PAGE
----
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Peter Clawson’s column: A world without cash?

Peter Clawson.
Peter Clawson.

Local monetarists have recently accused me of hating fat cats because I am jealous of them.

Not true! It is really because I know what a wonderful planet the earth would be without them. I wonder whether readers have ever considered what it would be like to live in a world without money?

An end to civilisation as we know it but not in the disastrous way current financial experts would have us believe. The exact opposite in fact.

For many years I have studied what might happen if, as I predicted, money outlived its usefulness.

Everyone but the fat cats would benefit enormously. There would be an end to poverty, hunger, most crime and corruption, even global climate change. We would all be able to have whatever we wanted for free within reason and on a first-come-first served basis.

Even though we would all still have to work, it would be to help ourselves and others to make a better world to live in and we would be able to do so for a lesser number of working hours.

Without the need to line the pockets of non-participant shareholders, natural resources would be used up at a slower rate, conditions of employment could be more favourable to workers. Environmental issues would be reduced.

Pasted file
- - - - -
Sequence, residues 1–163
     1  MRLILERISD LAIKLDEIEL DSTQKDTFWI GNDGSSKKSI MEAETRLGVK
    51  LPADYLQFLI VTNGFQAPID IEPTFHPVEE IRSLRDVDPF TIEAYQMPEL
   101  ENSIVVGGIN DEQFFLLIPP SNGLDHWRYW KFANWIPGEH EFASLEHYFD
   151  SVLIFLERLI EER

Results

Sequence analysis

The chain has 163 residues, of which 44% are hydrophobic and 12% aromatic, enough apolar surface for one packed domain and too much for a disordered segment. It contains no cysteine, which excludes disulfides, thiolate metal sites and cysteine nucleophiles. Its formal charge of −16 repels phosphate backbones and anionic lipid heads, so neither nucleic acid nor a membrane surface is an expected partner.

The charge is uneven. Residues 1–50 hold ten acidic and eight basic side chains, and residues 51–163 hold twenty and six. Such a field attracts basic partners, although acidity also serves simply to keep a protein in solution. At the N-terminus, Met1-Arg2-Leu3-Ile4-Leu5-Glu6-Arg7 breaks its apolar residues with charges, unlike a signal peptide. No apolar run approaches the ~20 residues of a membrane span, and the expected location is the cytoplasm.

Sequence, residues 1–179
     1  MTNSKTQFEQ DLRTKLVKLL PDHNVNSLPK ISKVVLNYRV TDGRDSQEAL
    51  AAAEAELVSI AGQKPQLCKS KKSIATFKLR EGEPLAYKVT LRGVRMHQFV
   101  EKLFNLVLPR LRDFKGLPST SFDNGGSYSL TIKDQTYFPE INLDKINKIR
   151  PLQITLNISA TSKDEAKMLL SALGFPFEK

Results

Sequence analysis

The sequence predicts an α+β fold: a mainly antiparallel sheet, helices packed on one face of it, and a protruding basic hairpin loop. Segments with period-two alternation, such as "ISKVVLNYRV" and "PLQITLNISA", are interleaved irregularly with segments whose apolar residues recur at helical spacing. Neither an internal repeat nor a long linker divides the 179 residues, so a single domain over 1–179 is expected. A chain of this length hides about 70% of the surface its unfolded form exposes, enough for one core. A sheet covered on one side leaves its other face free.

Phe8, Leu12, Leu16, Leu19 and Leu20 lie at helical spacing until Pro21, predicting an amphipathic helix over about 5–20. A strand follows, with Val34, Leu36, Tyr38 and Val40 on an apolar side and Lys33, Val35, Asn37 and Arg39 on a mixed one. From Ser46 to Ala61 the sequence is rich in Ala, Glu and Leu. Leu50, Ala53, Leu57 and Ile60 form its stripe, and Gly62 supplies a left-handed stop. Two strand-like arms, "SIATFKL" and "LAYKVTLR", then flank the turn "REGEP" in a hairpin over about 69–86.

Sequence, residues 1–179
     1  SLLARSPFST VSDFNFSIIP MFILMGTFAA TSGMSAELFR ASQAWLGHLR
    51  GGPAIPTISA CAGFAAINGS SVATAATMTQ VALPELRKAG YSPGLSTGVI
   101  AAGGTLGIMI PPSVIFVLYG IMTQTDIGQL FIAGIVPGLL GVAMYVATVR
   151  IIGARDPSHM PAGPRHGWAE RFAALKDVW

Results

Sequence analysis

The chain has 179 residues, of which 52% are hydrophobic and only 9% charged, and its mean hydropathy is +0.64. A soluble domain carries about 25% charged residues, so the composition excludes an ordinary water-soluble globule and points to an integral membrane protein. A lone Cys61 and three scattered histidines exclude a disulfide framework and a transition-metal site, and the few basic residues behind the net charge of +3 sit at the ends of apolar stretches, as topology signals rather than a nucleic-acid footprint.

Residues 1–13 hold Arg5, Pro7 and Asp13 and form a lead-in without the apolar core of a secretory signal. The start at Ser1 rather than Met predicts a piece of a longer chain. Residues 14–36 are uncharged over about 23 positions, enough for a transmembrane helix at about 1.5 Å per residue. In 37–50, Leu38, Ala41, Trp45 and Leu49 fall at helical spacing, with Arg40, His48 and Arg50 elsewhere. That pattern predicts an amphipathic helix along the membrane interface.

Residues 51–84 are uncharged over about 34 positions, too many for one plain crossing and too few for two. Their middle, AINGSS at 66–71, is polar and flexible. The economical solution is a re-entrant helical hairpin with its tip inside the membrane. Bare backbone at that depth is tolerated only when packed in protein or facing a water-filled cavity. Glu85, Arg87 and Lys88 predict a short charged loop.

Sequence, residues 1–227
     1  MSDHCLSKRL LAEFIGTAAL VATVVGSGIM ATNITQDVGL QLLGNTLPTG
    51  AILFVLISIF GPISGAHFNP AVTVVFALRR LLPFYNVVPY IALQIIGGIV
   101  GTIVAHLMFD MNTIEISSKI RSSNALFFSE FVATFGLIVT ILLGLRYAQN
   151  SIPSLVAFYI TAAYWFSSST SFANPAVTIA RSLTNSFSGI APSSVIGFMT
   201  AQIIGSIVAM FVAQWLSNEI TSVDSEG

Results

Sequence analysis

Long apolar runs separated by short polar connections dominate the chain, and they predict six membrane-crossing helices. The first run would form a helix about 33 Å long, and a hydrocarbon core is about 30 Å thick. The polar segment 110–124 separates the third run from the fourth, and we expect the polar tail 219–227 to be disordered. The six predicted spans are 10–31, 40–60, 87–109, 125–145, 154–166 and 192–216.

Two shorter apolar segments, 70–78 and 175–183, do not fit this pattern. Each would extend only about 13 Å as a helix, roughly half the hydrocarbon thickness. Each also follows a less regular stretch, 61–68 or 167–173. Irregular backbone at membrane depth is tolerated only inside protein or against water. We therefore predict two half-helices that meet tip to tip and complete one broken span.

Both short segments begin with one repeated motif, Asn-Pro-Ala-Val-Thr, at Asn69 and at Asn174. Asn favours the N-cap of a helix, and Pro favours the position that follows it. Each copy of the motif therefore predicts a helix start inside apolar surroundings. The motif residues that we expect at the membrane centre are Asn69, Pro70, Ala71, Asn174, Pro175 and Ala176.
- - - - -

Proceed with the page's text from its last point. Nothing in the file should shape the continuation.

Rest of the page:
Progress would not be controlled by whether we could afford it or not, although most activities would change very little, as without the need to make ever bigger profits for the non-contributors, production could proceed relatively unhindered.

‘Haves and have-nots’ would be a thing of the past; Garden of Eden’ and ‘Utopia’ would cease to be unreachable dreams and the human race would at last be on the verge of paradise on earth.

Or is it all simply a piece of pie-in-the-sky on my part? The verdict is, as always, yours.


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